By Camila BENAVIDES FRIAS
The common opossum (Didelphis marsupialis) thrives well near human settlements and therefore understanding its ecology could help taking management decisions in anthropogenic landscapes. Although this specie is very common near human communities in Bolivia, no density estimations have been made up to now. Using direct observation data collected on agroforestry systems on the lowlands of Bolivia we estimated the population density of D. marsupialis.
We covered a total of 70.21 km in 143 night counts, obtaining 38 records of D. marsupialis. By using DISTANCE sampling, we estimated a density of 0.30 individuals ha-1 (SE = 0.062; range: 0.20 – 0.45 individuals ha-1), with a mean encounter rate of 0.54 individuals km-1. Encounter rate varied between habitats, with mean values of 0.20 in secondary forests and 0.64 in agroforestry plantations. Our density estimate is near the lower range of previously reported values for the common opossum in other countries.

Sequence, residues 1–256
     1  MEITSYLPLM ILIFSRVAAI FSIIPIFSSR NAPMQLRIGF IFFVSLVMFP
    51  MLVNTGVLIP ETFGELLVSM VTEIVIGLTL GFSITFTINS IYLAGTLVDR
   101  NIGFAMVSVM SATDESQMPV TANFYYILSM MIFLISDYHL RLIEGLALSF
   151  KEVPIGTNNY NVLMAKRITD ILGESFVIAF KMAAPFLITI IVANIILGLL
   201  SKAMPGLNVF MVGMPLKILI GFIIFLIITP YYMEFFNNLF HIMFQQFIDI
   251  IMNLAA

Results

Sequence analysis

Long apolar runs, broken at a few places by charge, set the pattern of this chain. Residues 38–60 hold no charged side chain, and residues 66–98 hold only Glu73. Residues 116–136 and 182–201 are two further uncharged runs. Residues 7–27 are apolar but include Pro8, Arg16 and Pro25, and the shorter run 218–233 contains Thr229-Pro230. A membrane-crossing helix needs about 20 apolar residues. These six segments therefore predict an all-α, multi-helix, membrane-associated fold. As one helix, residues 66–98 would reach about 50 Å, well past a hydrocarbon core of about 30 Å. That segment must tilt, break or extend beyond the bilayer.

It is notable that our encounter rate was much higher in agroforestry plantations than in secondary forests. The apparent selection and higher frequency of use of agroforests over secondary forests by common opossums in our study area deserves further investigation. Still, we propose that opossums may be more abundant in agroforestry plantations as a function of higher resource availability (food) and suitable vegetation cover as compared to forest patches. The relatively low overall density of D. marsupialis estimated for our study site may be also affected by the presence of domestic dogs (Canis familiaris) and other less common predators, such as ocelots, Leopardus pardalis. Local residents in the community commonly employ domestic dogs for hunting, but only occasionally kill common opossums for medicinal purposes (C. Benavides, pers. obs). However, when dogs are left alone in crops, they hunt to eat, and we confirmed that their prey include the common opossum by observing hunting events. Common opossums are also killed by farmers when found near their homes, because they occasionally prey on poultry. However, they are not considered as a great problem by farmers (C. Benavides, pers. obs.). Future research should also be focused on the effect of predation on the common opossum populations. To learn more about the articles’ methods and outcomes check out the full paper here: